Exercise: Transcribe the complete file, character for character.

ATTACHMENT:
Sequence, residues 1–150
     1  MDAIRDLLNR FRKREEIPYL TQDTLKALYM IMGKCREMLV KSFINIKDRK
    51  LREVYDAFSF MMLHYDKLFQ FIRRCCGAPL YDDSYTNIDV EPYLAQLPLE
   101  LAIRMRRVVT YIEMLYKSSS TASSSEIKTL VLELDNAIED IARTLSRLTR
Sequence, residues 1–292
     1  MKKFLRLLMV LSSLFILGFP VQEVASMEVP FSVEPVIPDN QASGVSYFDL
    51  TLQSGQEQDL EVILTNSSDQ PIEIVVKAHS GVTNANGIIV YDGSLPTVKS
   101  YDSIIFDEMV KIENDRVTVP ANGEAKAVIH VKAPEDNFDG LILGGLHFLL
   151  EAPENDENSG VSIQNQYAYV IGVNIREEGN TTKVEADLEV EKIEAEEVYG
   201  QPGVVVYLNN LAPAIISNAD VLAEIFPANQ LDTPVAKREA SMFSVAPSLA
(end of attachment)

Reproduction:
Sequence, residues 1–150
     1  MDAIRDLLNR FRKREEIPYL TQDTLKALYM IMGKCREMLV KSFINIKDRK
    51  LREVYDAFSF MMLHYDKLFQ FIRRCCGAPL YDDSYTNIDV EPYLAQLPLE
   101  LAIRMRRVVT YIEMLYKSSS TASSSEIKTL VLELDNAIED IARTLSRLTR
Sequence, residues 1–292
     1  MKKFLRLLMV LSSLFILGFP VQEVASMEVP FSVEPVIPDN QASGVSYFDL
    51  TLQSGQEQDL EVILTNSSDQ PIEIVVKAHS GVTNANGIIV YDGSLPTVKS
   101  YDSIIFDEMV KIENDRVTVP ANGEAKAVIH VKAPEDNFDG LILGGLHFLL
   151  EAPENDENSG VSIQNQYAYV IGVNIREEGN TTKVEADLEV EKIEAEEVYG
   201  QPGVVVYLNN LAPAIISNAD VLAEIFPANQ LDTPVAKREA SMFSVAPSLA